The chief of the United Nations mission in divided Ivory Coast says he believes the drawn-out peace process there could finally work despite new challenges. Rebels recently dismissed a new deal for the start of disarmament, while preparations for a scheduled presidential election later this year are lagging.
The former ambassador at the permanent mission of Sweden to the United Nations in New York, Pierre Schori, formally took over as U.N. chief of mission in Ivory Coast in March.
After going on what he called a listening tour to meet with the adversaries in the divided West African cocoa-producing nation, it's only recently he's become more vocal. In an interview with VOA, he said it's because there is now reason for optimism.
"Now at last, there is hope, there is a perspective of at least some guarded optimism because several important steps have been taken in applying the Pretoria accord, the agreement. And I call the Pretoria agreements which were signed under the leadership of South African President Thabo Mbeki and his mediation, the Africanization of the peace process which is very good, it gives ownership and engagement," said Mr. Schori.
Many northerners are considered foreigners, because their origins are from neighboring countries. Rebels say they are fighting to ensure northerners get to be treated as equal citizens.
The Pretoria deal also set back in motion the disarmament, demobilization and reinsertion process of fighters, known as DDR. Rebels are being cautious about agreements though, saying they want to make sure it doesn't just include disarming their fighters, but southern militias as well. Many rebels, who were formerly soldiers before the insurgency started in late 2002, also want to reintegrate into a new army.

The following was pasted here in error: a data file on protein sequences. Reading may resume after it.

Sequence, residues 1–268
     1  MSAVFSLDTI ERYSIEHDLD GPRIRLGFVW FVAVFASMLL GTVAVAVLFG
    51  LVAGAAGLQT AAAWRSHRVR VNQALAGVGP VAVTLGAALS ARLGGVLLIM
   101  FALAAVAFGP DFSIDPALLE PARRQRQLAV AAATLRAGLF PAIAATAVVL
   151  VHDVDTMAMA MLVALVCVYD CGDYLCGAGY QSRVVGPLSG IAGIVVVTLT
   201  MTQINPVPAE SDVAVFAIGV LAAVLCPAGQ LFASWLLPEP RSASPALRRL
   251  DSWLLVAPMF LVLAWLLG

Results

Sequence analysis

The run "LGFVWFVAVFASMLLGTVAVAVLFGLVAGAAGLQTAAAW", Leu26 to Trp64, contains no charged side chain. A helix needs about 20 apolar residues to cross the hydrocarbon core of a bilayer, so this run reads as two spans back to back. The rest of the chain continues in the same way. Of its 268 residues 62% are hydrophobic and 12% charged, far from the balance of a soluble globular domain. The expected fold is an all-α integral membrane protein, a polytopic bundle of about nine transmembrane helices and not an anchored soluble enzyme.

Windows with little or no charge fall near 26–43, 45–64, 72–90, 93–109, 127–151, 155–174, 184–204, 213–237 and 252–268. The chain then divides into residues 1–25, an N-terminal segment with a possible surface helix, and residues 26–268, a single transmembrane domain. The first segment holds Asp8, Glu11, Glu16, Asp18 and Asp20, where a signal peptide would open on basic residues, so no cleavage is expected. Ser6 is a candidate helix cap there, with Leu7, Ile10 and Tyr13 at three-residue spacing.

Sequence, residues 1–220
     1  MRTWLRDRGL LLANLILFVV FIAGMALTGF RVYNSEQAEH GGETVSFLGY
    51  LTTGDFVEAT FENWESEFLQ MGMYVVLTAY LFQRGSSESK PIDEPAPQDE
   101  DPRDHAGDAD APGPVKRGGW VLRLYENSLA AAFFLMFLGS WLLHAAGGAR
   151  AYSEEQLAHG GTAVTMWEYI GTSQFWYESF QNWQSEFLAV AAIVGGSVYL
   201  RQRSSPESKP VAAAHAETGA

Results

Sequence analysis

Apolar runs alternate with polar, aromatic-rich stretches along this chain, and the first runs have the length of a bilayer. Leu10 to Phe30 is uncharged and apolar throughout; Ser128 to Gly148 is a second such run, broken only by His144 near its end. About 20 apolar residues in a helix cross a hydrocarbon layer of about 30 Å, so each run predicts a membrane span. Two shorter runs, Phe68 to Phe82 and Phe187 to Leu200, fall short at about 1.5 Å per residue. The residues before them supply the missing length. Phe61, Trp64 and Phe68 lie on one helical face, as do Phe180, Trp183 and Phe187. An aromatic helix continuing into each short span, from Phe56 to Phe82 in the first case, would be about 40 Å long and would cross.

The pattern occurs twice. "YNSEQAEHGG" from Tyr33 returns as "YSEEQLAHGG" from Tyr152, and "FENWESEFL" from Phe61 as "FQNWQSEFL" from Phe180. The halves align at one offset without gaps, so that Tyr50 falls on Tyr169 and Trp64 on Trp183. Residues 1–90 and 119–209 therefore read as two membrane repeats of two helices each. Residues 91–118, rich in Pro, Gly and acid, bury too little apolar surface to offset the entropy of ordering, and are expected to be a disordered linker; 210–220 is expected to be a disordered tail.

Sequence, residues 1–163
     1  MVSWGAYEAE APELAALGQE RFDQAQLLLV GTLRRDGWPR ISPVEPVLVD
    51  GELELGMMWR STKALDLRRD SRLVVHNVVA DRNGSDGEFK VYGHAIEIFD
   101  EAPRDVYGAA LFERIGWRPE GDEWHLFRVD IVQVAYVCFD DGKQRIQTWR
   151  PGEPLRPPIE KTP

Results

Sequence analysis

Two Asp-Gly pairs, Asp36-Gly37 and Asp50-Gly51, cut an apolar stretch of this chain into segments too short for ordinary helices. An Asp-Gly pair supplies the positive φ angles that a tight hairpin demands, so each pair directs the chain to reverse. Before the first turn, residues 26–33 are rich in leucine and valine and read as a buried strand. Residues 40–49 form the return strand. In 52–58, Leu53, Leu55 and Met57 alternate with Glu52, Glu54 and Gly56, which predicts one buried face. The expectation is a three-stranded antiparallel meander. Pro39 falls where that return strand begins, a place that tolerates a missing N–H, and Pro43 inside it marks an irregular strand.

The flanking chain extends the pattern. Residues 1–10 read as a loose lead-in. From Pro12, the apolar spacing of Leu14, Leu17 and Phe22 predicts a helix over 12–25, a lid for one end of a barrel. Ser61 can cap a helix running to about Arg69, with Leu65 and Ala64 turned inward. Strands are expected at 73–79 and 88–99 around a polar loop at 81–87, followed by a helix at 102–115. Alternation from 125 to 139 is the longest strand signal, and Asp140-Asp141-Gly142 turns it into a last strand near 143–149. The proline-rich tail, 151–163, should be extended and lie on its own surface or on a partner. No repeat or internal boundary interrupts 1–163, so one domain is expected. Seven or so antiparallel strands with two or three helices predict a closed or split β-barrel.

Another challenge, Mr. Schori told VOA, is making sure former Liberian fighters don't try to cross into Ivory Coast, trying to get the more than $900 promised for disarmament here.
"That is one of the reasons we have asked for troop reinforcements from the Security Council. We are hoping to get these two-thousand new troops so we can reinforce our presence along the borders, have a capacity of a quick reaction force better than we have know and when we start the DDR process if there are any foreign elements in them they will be separated from the others and be deported," he added.
On a recent trip to European Union headquarters, Mr. Schori said he was able to get some sorely needed pledges of help for the peace process. Ivory Coast was at the center of world attention in November when war resumed in the north and riots in the south caused thousands of foreigners, mostly French nationals, to flee, but since then he says attention has shifted elsewhere.
"In order to rally support for continued solidarity with Cote d'Ivoire, they have so much else on their agenda, like Darfur, the tsunami, Iraq, the Democratic Republic of Congo, so they need to be reminded I think of the Cote d'Ivoire. But in Brussels, they are preparing important programs to support disarmament, demobilization and reinsertion of ex-combatants, the elections as well as in general supporting, alleviating the very bad conditions for the population at large, there is a crisis, a humanitarian crisis in Cote d'Ivoire and we must never forget that," he noted.
Other problem areas are the voter lists for the October election, which have yet to be established. A new nationality law also needs to be revised in line with an initial 2003 French-brokered peace deal to help determine who can actually vote.
To help the process, Mr. Schori favors keeping the 4000 strong French peacekeeping force known as Licorne alongside U.N. peacekeepers, despite opposition from supporters of Mr. Gbagbo. They say they are fighting to end the rebellion as well as for real independence from the former colonial power France.